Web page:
4 October 2018
Dance Nation (a play by Clare Barron)
reviewed by Dell Watson
Star rating **
Having read Dance Nation describe itself as “a ferocious exploration of youth, ambition and self-discovery”, I was rather looking forward to watching something truly awful and so far up itself that you would only be able to watch it from the Gods. In this I was disappointed. Partially.
The play itself is rather a mixed bag and I can see why some people would enjoy it. It spins around a pre-teen dance troupe in the opening throes of a national competition and puberty. The plot is simple, but the writing is startlingly good in places. Drama teachers seeking monologues for students will find an abundance of them here. Ria Zmitrowicz, giving the performance of the night, delivers her lines as the artless and awkward Zuzu with an endearing candour that trembles between pitiful and hilarious. Do not be lulled, however, into imagining that the girls in this play are insipid or passive. They are written and, for the most part, exuberantly performed as liberatingly and destructively feral. There is a strong and feverish energy, amplified by the lack of an interval and the effective mirror-based set.
Despite the play’s title, the cast are actors, not dancers. This is clear from the (blessedly infrequent) dance sections, where they all too convincingly dance like thirteen year olds with issues. Indeed, the play is not subtle, and one could play pubertal bingo with its plot points: parental pressure, tick; inappropriate crushes, tick; self-harm in the toilets, tick; attempts at masturbation, tick; getting a first period in an inconceivably awkward moment, bingo! Nonetheless, Clare Barron’s writing also brings moments of lightness to the savage roughness of Bijan Sheibani’s direction, his heavy handedness reaching its zenith when the backdrop shifts to reveal glimpses of a wolf during scenes of frenzied action.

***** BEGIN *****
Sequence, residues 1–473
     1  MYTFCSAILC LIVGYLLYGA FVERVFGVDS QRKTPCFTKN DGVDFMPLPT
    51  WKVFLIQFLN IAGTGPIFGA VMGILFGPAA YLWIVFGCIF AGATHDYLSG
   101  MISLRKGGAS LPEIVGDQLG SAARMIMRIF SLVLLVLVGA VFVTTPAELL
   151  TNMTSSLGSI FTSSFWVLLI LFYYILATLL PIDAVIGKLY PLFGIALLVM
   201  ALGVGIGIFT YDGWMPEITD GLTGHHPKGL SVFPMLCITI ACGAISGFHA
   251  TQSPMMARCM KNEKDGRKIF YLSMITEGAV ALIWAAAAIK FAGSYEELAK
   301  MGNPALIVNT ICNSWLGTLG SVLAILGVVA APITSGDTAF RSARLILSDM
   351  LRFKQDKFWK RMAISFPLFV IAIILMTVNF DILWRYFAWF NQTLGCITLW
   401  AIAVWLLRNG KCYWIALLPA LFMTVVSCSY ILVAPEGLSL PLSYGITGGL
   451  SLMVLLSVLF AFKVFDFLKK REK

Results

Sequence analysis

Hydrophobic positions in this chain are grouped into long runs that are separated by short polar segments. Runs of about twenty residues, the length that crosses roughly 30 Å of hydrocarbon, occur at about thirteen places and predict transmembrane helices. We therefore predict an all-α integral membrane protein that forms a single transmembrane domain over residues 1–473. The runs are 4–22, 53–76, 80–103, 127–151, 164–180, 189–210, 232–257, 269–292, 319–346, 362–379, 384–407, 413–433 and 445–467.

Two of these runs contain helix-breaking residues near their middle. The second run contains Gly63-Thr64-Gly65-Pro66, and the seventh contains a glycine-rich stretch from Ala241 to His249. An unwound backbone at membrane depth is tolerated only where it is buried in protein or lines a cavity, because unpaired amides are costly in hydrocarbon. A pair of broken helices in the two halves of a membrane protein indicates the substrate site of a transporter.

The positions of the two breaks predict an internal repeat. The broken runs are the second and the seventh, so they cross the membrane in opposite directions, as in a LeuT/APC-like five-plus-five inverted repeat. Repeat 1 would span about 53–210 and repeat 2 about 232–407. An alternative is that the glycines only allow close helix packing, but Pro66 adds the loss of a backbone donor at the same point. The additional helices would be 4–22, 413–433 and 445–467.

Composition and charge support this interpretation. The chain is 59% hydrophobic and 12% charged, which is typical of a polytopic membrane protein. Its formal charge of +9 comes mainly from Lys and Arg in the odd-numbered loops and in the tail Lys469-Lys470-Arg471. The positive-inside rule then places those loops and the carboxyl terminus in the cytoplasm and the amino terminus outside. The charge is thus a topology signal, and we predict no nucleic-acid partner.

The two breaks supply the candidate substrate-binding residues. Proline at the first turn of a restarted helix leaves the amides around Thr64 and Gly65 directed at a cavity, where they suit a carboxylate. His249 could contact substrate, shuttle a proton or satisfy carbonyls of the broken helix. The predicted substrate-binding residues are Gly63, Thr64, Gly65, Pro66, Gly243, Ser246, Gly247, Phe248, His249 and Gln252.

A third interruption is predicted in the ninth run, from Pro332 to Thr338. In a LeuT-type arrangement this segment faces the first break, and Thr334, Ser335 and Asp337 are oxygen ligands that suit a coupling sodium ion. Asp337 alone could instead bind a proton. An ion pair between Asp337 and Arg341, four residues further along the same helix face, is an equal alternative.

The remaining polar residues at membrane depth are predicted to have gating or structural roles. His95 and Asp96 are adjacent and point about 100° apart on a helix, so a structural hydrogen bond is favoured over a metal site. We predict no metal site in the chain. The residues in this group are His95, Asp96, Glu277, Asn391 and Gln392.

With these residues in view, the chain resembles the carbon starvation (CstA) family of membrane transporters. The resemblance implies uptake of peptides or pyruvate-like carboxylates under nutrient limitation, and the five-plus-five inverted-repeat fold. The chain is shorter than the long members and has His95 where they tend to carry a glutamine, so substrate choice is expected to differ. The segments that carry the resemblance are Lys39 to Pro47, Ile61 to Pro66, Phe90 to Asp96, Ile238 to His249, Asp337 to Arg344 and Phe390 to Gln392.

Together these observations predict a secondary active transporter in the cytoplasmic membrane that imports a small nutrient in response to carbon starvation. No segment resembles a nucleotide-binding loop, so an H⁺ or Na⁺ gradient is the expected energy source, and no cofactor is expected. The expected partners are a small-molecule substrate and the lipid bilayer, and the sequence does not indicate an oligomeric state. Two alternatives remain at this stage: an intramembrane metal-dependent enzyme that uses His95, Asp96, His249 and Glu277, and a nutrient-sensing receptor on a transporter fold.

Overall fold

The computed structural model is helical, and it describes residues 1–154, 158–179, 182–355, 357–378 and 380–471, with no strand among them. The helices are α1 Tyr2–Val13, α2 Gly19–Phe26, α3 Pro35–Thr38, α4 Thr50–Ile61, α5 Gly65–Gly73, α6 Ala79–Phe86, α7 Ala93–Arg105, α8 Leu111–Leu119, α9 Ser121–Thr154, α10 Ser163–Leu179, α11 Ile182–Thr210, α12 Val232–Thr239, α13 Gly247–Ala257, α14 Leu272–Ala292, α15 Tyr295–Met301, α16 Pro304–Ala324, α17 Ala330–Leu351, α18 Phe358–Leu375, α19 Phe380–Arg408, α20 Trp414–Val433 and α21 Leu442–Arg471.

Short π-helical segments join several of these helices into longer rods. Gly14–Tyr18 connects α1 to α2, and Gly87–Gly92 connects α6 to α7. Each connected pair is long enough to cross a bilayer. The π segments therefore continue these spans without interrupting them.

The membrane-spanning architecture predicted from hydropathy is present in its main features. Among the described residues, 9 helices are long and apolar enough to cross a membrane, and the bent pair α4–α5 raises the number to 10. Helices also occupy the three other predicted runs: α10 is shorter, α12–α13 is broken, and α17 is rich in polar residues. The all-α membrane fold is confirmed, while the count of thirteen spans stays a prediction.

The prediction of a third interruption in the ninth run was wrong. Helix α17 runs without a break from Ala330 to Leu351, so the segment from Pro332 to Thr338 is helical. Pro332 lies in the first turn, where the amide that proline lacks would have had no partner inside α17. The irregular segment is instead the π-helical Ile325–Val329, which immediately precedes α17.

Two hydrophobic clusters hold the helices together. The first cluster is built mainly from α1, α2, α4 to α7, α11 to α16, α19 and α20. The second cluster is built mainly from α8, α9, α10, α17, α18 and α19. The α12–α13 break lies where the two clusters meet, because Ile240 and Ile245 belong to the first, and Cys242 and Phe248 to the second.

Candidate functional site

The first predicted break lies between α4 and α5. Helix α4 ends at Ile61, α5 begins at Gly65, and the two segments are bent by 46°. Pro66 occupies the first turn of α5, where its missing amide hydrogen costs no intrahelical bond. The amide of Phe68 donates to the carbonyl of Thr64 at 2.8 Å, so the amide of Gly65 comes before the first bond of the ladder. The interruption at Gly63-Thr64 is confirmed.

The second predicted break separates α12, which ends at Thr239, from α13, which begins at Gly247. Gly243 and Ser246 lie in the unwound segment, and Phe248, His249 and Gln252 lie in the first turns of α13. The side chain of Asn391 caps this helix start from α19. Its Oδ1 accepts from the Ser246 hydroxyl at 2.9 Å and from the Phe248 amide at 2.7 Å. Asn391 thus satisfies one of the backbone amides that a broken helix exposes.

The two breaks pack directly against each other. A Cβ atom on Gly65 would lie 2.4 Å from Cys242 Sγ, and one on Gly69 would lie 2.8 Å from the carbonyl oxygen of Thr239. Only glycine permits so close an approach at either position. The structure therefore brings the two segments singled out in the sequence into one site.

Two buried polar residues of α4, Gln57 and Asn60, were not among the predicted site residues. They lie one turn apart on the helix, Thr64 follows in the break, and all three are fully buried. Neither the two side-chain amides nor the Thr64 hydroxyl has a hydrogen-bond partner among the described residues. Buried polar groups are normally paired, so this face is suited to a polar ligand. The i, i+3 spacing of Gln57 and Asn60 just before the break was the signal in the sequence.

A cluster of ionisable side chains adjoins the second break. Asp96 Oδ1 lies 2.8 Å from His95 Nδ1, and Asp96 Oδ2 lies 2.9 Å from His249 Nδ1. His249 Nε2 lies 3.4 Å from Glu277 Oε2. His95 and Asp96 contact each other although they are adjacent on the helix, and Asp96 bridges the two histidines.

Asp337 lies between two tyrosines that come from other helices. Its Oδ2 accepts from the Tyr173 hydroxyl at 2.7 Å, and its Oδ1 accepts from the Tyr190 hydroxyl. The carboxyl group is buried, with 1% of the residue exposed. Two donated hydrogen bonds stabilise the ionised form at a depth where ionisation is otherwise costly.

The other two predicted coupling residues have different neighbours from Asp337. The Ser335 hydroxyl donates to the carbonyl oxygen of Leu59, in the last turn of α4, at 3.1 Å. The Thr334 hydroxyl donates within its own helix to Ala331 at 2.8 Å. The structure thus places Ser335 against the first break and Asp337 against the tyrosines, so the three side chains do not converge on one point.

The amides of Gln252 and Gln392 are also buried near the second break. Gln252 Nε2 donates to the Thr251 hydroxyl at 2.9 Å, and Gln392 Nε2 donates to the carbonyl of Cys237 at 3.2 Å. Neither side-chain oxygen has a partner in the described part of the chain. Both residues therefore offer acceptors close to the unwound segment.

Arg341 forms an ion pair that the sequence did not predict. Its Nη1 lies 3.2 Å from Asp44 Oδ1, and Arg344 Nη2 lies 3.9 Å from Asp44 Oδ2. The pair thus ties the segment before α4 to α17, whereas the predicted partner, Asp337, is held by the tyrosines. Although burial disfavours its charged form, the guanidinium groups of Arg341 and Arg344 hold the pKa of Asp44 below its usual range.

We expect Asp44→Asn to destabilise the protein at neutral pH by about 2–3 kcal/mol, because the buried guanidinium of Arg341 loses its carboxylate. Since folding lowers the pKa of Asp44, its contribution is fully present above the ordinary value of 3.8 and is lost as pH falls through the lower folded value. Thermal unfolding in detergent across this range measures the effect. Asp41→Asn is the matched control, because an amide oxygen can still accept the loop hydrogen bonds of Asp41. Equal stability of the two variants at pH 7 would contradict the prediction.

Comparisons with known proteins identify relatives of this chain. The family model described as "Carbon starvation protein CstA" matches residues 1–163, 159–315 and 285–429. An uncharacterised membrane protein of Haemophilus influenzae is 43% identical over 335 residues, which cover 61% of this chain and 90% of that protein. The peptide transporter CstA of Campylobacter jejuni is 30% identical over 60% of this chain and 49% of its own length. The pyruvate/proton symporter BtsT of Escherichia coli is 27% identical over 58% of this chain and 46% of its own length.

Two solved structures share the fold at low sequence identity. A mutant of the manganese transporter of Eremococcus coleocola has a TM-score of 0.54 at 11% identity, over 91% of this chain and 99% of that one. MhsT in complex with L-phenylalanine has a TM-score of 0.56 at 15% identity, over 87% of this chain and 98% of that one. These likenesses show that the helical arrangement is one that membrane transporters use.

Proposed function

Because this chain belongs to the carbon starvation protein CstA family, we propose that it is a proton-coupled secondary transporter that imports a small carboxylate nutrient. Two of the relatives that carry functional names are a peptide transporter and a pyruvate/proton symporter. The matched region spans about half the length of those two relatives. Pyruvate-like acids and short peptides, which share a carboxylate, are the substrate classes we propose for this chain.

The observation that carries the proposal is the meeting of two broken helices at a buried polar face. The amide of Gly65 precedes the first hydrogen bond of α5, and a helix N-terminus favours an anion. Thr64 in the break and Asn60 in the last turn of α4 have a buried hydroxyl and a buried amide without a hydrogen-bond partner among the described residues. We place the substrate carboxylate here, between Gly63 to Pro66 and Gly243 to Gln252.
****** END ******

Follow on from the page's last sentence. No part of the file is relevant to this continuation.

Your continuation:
There are two big mysteries to this production; both relate to age.
Firstly, the casting. Watching women of superior years prancing around like the teenagers they might have once been (three decades ago) is distracting. As actors fit roles rather than faces an audience expects to extend a little license to a cast and certainly no one expects actual thirteen year olds to be performing. One suspects however, that the Almeida went a little over the top with political correctness by apparently doing its casting while blind. When certain actors look, sound, and dance like older women pretending to be girls trying to become young women it gets a bit like a pre-Charles II Twelfth Night, but without the wit. The dodgy American accents do not help.
The second mystery of this production is that the recommended age for viewing is 16+. There is only one better audience for this play than young people around the age of thirteen, and that is their parents (although the two groups may not want to go together). The play is raw, unpolished, and tumultuous but it is also the kind of magnificent melodrama that GCSE drama productions aspire to. Sure, the language is a little strong, but why not let young teenagers hear it, if they haven’t heard it all before, in an environment that is trying to empower the shrill and developing voice of youth?
In summary, if you wish to be educated in the turmoil of adolescence, go. If you just want to watch good theatre, don’t.